6.1.2015

If you knew that there was a chance—maybe even a good chance—that a law enforcement officer could gain access to every single text, email, photograph and voice mail on your smartphone, going back years, because you were suspected of criminal activity, would you change your behavior? Say less? Save less? As the law struggles to keep pace with rapid advancements in technology, the threat to individual privacy rights is rising just as quickly. More and more, law enforcement officers investigating criminal activity are securing warrants to search the smartphone contents of the targets of their criminal investigations. The justification for these searches is often if there is probable cause to believe that an individual is involved in criminal activity, it follows automatically that probable cause exists that the target’s smartphone is being used to facilitate that criminal activity--or at least communicate about it. And judges are approving search warrants in these cases, without any competent, specific evidence to establish that a particular smartphone is likely to contain evidence of a crime. This dangerous trend has yet to be checked under New Jersey law.

Additionally, such search warrants run the risk of beings overly-broad, generalized search warrants that do not identify with any particularity the evidence the officer is permitted to search for and seize. In a recent case, a search warrant was issued permitting investigators to seize and search cellular telephones without specifying or particularizing the evidence permitted to be searched and seized. The warrant provided that:

An Investigator from the **** County Prosecutors Office or any other law enforcement agency is authorized to activate the cell phone to access all information contained within the cellular telephone bearing phone number ***-***-****, including, but not limited to the assigned cellular number, cellular billing number, address book/contact(s) information, all recent calls, to include dialed, received, missed, erased calls, duration of said calls, incoming and outgoing text messages, text message content, any stored pictures and calendar information, and any other stored information on said cellular telephone that will assist in the continuation of this investigation . . .

This type of warrant basically allowed the officers to look through everything on the phone, going back years before the crime that was being investigated. Based on this warrant, officers were able to read text messages between family members that had nothing at all to do with the crime that prompted the investigation in the first place. Imagine the following hypothetical, non-digital situation - the police are investigating a murder accomplished with a handgun. Although they have no information that leads them to believe that the suspect's car was used, they know that frequently people leave things in their cars. Based on that fact alone, with no specific information tying the car to the crime, police seek and obtain a search warrant. Then, when they search the car, they locate love letters between the suspect and the suspect's wife that date back 5 years before the murder. Should police be able to read the letters? If the answer is no, then why should a search warrant allow the police to review evidence on someone's smart phone that is completely unconnected with the crime being investigated?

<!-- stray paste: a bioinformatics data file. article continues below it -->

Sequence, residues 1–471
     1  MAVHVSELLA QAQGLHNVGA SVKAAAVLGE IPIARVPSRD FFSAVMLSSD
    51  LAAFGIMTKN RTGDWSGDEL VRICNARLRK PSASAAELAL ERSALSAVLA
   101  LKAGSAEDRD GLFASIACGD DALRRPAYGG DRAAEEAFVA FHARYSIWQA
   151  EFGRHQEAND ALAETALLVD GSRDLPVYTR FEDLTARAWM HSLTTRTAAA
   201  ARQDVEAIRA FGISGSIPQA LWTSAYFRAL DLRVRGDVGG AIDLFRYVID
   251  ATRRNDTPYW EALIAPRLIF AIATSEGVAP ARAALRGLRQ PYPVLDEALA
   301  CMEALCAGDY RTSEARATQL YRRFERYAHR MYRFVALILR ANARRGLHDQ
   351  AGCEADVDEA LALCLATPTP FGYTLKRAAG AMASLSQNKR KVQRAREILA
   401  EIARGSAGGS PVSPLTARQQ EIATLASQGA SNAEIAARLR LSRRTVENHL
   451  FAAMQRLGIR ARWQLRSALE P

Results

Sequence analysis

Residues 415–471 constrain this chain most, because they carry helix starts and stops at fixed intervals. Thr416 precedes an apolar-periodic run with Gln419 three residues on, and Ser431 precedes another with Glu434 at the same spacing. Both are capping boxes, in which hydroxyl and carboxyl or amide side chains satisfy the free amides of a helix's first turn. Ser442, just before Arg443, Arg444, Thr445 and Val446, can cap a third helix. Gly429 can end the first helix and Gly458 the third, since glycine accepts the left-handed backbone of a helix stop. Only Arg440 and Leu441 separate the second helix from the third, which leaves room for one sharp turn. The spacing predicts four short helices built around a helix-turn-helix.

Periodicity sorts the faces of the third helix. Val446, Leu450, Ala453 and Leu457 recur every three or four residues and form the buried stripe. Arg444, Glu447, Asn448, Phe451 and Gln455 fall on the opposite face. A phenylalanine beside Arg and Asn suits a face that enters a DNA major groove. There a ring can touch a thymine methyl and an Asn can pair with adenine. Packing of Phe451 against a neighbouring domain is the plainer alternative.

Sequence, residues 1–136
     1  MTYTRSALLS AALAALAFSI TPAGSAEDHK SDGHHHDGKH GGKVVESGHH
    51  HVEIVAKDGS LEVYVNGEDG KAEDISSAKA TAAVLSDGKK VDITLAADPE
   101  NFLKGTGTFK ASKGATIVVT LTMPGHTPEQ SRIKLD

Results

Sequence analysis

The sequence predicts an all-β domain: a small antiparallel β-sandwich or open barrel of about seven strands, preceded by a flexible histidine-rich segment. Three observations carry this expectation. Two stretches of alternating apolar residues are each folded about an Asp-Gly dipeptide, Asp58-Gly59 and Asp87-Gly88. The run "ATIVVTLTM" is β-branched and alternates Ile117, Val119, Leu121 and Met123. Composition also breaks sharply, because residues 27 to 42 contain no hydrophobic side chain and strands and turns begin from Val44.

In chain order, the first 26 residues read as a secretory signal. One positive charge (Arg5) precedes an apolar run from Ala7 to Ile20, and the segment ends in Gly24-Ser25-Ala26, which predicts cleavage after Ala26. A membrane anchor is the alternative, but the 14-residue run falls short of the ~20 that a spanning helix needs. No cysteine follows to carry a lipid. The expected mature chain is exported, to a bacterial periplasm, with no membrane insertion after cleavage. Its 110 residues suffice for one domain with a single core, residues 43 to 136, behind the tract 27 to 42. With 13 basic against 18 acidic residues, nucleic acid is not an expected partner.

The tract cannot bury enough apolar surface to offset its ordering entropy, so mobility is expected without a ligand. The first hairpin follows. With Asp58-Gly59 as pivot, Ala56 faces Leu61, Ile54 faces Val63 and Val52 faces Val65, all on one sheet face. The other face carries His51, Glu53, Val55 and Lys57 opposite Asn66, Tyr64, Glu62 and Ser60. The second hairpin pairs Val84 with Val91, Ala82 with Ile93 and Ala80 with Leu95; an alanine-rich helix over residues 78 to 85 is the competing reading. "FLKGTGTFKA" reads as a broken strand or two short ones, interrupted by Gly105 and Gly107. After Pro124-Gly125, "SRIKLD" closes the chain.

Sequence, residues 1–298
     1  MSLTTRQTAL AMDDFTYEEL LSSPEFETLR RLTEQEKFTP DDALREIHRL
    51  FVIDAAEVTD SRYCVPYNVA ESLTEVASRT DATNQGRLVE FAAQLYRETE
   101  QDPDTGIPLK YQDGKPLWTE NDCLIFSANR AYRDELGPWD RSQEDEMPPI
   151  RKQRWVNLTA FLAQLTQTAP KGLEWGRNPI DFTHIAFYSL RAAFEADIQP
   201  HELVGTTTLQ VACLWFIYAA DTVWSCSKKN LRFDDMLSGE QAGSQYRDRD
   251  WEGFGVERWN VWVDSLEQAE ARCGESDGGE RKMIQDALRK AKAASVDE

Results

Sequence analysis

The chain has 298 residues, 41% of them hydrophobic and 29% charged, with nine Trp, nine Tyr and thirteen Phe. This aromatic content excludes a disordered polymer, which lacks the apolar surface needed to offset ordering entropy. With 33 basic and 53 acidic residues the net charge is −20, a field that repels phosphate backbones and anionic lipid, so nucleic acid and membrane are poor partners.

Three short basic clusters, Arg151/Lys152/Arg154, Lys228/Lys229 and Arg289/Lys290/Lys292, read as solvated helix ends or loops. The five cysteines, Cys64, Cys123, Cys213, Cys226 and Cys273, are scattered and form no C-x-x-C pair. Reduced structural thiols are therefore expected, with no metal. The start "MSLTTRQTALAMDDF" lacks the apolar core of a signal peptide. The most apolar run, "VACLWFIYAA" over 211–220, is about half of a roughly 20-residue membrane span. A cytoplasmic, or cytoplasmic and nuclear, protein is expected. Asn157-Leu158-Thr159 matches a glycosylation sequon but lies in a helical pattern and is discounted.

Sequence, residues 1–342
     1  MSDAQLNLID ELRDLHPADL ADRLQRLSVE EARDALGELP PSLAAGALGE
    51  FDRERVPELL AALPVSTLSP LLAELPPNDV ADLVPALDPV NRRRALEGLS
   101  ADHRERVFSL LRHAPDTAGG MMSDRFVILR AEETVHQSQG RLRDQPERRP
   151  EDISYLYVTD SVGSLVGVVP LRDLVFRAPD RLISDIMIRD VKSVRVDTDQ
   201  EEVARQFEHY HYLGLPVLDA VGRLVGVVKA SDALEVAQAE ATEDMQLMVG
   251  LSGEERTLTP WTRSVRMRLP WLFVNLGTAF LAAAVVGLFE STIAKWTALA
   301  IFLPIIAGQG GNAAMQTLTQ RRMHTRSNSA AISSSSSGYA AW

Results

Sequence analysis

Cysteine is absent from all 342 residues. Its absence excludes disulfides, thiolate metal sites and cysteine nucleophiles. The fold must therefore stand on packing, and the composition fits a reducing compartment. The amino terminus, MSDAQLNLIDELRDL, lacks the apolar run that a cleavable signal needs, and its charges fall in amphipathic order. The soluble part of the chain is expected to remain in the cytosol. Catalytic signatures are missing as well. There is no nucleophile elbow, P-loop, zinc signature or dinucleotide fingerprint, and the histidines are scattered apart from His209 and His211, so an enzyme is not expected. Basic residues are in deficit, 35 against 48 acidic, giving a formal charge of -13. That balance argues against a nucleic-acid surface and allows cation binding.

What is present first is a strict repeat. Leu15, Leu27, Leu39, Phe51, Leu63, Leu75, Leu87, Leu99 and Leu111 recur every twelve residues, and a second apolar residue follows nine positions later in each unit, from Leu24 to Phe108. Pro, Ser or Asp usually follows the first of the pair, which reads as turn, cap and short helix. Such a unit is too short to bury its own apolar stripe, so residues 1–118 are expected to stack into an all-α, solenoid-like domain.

A search warrant that provides no guidelines to the officer as to what kind of items are permitted to be seized, delegating to the officer the function of deciding whether evidence is subject to seizure, is constitutionally intolerable because it strikes at the foundation of the Fourth Amendment's requirement that warrants describe the items to be seized with particularity. State v. Muldowney, 60 N.J. 594, 600 (1972); Marcus v. Search Warrants, 367 U.S. 717 (1961). The warrant described above is the digital equivalent of a general warrant permitting officers to rummage through an entire house, and look for and seize any item they wish.

When federal agents obtain a wiretap order, which is basically a warrant that allows agents to listen in on phone conversations that are in progress, the law imposes what is known as a "minimization" requirement. The minimization requirement requires agents to stop listening to a call once it becomes apparent that the call is irrelevant to the specific crime being investigated. For example, if agents obtain a wiretap order in a narcotics investigation and start eavesdropping on the suspect's phone, once they hear that the call is between the suspect and his child's teacher and concerns the child's progress in school, the agents must stop listening and recording. The federal wiretap statute contains this minimization requirement to protect individual privacy rights.

Our courts in New Jersey must revisit the process of granting search warrants permitting investigators to rummage through smartphones without restriction. Before an investigator obtains a search warrant for a smartphone, there must be some evidence that the smartphone was actually used to help commit the crime, or that evidence about the crime is likely to be found on the phone. Simply saying generally that people use their smartphones all the time to do everything should not be enough to obtain a warrant. If a warrant is justified, it must be limited by date and topic to specific items of information, and investigators should not be permitted to rummage around the contents of the smartphone, looking at whatever they want.

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